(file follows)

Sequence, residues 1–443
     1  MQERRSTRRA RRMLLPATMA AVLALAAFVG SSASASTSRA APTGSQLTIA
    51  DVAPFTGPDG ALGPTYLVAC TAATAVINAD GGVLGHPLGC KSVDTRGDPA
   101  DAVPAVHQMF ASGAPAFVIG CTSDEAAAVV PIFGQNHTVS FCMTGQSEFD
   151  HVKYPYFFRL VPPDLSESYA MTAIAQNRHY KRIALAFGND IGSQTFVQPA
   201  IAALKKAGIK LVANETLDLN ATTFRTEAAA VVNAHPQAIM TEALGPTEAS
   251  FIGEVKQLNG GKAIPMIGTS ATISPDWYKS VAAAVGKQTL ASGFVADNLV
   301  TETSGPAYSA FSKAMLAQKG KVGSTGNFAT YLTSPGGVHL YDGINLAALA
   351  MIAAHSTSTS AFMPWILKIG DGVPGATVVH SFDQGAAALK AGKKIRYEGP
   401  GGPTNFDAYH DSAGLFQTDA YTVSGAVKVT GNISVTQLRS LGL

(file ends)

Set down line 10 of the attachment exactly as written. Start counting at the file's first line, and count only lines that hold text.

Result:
   401  GGPTNFDAYH DSAGLFQTDA YTVSGAVKVT GNISVTQLRS LGL